One of the most forward-thinking and innovative of these collaborative approaches is an online content management system named Mukurtu. Managed by the Center for Digital Scholarship and Curation at Washington State University and directed by Withey, Mukurtu offers a platform that allows indigenous communities to digitally archive their heritage and knowledge, granting access to some users while restricting it to others. For example, using Mukurtu, an indigenous community can determine whether an image of a sacred object should be available publicly or only to a few registered users. An extension of Mukurtu is the Traditional Knowledge (TK) labels tool, which allows universities and libraries to add labels to digital materials to add context and indicate an indigenous community’s preference for how researchers should view and use cultural materials. The Library of Congress plans to use the TK labels as part of its forthcoming digital collection of original wax cylinder recordings from the Passamaquoddy people made in 1890 by anthropologist Jesse Walter Fewkes.
For historians, consideration of ethical concerns surrounding consent, context, and access could mean shouldering some of the responsibility of ensuring ethical use of archival materials, whether traditional or born-digital. Researchers might need to weigh whether a particular archival material is ethical for them to use, keeping in mind that most research now ends up online. Hajo recalls that archivists working on the Margaret Sanger Papers Project redacted the name of a woman who received an abortion in a birth control clinic from microfilmed records, but a scholar using the physical papers published the woman’s name, causing it to appear on Google Books. Thus, even when something is publicly available, like a tweet, scholars might need to make ethical choices about using and presenting that information. Philippa Levine, vice president of the AHA’s Professional Division, says that historians should indeed consider these questions as they navigate the new avenues of research opened up by digital holdings. Jules also encourages historians to get involved in the process of creating digital collections and in discussions of ethical concerns. “Be part of the conversation,” he says.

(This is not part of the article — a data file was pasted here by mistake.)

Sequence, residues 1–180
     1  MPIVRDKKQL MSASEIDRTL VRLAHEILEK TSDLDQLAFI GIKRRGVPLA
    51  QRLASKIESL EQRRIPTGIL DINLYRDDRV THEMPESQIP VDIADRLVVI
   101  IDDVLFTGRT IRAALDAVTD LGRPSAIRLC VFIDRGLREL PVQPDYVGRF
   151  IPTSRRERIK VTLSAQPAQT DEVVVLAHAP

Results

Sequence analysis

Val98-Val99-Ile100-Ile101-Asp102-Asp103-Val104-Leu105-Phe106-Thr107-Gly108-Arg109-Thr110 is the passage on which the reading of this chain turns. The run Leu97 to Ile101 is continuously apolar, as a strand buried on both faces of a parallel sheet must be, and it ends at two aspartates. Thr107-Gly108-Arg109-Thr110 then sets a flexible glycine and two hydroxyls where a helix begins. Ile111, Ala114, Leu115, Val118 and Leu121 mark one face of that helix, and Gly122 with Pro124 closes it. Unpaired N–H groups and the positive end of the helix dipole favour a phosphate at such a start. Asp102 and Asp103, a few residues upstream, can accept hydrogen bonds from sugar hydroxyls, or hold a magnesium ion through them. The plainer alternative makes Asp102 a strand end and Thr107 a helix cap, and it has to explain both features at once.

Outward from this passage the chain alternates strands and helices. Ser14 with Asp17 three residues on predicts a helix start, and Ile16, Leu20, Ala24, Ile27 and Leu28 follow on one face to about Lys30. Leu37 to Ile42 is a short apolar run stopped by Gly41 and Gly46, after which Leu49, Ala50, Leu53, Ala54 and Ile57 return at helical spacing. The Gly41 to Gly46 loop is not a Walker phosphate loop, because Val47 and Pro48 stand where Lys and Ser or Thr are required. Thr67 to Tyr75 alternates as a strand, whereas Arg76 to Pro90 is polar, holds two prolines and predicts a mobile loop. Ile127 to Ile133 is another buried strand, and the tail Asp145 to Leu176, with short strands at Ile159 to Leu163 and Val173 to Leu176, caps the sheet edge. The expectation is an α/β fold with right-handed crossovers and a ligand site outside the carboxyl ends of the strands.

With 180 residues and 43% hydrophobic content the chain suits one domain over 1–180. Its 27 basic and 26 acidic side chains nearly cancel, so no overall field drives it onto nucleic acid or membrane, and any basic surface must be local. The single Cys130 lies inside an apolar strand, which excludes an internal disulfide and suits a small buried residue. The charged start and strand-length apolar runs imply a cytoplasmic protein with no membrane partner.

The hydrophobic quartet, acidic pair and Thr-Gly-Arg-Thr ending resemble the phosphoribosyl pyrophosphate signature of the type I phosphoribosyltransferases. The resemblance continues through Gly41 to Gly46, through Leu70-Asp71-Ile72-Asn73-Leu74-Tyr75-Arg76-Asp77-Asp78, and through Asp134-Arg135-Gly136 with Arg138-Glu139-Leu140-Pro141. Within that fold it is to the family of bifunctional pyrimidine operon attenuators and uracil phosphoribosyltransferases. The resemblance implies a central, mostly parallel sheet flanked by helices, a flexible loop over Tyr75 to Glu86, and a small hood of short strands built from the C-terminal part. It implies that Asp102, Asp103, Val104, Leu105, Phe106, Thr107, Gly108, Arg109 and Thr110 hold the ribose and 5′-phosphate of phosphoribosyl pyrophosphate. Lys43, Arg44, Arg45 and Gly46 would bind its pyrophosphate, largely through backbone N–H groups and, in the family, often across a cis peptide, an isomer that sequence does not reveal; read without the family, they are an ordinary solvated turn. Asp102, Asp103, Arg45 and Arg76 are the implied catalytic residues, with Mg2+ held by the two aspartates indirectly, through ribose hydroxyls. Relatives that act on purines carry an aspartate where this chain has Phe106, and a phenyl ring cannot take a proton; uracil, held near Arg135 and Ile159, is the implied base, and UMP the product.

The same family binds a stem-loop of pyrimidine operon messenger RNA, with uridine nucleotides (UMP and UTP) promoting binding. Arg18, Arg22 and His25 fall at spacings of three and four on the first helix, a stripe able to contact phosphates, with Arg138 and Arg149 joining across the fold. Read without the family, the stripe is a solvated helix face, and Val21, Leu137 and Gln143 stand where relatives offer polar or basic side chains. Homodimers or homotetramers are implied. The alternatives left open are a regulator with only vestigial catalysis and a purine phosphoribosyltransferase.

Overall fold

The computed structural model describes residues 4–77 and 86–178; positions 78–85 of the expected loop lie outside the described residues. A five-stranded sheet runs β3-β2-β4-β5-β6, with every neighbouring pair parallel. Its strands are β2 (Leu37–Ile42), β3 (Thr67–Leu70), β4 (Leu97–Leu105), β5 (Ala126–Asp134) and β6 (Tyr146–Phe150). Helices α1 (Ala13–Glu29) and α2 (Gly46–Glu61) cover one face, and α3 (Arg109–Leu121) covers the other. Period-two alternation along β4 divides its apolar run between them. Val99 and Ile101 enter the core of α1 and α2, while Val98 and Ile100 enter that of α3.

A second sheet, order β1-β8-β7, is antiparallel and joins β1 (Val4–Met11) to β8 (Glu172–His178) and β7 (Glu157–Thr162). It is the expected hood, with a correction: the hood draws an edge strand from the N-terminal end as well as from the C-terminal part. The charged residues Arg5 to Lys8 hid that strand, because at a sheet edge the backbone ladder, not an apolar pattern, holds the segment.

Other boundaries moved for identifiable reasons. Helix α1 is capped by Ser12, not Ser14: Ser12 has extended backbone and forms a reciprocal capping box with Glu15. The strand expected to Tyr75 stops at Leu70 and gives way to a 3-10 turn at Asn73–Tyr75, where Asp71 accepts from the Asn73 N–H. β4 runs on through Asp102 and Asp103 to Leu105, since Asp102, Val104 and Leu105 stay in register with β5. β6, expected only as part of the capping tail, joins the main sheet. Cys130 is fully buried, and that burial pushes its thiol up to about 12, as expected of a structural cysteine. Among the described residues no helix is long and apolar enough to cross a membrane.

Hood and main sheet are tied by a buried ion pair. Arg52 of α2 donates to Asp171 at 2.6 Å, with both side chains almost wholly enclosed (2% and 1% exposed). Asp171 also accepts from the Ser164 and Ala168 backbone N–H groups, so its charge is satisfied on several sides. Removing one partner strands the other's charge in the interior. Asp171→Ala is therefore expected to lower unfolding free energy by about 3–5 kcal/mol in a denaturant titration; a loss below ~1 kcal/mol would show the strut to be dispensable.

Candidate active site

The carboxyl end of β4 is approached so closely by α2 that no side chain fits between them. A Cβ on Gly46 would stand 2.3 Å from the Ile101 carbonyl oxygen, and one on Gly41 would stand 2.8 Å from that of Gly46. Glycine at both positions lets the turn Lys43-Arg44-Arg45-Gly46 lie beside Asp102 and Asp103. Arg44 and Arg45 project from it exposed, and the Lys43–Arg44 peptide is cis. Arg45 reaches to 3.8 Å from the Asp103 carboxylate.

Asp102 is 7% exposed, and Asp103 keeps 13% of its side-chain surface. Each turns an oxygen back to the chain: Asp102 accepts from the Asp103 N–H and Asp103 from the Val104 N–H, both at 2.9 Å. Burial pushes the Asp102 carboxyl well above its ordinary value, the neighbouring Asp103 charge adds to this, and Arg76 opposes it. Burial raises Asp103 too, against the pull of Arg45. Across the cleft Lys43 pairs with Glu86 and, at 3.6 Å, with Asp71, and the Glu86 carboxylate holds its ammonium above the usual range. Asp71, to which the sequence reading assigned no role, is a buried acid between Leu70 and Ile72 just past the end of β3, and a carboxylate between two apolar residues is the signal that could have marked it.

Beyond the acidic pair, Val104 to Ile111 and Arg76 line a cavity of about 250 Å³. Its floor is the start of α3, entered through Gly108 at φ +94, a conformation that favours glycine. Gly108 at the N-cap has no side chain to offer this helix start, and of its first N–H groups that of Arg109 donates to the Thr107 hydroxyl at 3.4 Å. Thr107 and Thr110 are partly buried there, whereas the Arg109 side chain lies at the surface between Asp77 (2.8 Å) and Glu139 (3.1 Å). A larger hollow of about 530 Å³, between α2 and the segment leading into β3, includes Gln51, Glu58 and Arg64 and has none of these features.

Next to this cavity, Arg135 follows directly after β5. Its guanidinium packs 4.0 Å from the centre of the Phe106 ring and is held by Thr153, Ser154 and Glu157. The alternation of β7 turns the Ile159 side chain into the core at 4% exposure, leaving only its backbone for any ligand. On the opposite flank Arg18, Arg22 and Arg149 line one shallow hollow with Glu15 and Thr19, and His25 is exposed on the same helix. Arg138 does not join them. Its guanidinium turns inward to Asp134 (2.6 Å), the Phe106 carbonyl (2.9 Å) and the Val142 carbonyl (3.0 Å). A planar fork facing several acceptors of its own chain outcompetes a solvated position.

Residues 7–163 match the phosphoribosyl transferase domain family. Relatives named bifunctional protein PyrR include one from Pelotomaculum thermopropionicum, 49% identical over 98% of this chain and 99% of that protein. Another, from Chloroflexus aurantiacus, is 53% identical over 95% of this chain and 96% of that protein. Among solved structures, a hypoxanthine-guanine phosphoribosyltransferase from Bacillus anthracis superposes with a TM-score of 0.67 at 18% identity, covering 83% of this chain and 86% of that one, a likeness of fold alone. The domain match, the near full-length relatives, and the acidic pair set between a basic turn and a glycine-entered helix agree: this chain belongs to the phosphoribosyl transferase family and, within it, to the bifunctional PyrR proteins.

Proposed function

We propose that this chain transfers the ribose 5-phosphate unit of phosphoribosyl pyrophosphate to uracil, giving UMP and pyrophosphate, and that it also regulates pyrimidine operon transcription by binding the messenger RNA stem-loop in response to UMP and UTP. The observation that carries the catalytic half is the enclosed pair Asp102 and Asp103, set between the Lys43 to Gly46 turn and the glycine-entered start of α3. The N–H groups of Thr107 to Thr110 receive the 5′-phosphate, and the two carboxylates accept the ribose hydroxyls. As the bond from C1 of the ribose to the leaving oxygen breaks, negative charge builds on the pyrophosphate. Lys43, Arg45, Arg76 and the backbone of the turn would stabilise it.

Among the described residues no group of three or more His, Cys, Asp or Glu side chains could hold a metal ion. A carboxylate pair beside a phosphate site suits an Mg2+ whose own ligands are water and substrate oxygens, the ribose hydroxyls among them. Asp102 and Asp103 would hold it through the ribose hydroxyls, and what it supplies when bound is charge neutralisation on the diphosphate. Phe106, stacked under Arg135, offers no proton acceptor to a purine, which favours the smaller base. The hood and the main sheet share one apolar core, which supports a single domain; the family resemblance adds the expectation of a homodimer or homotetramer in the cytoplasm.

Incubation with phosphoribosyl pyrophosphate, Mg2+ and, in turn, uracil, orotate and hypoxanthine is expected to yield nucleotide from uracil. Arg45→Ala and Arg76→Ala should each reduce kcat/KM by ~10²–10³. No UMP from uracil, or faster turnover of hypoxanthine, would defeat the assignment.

The stakes are undoubtedly high. In September 2016, the Baltimore Sun reported that its police force had used the service Geofeedia, which analyzes social media information “to monitor protests, parades, and holiday celebrations.” In October, the American Civil Liberties Union released a report noting that the use of such software was more widespread than previously thought. Ensuring that archivists and historians do not become complicit in the marginalization of vulnerable populations because of their online practices is certainly an ethical conversation worth having.
Kritika Agarwal is associate editor, publications, at the AHA. She tweets @kritikaldesi.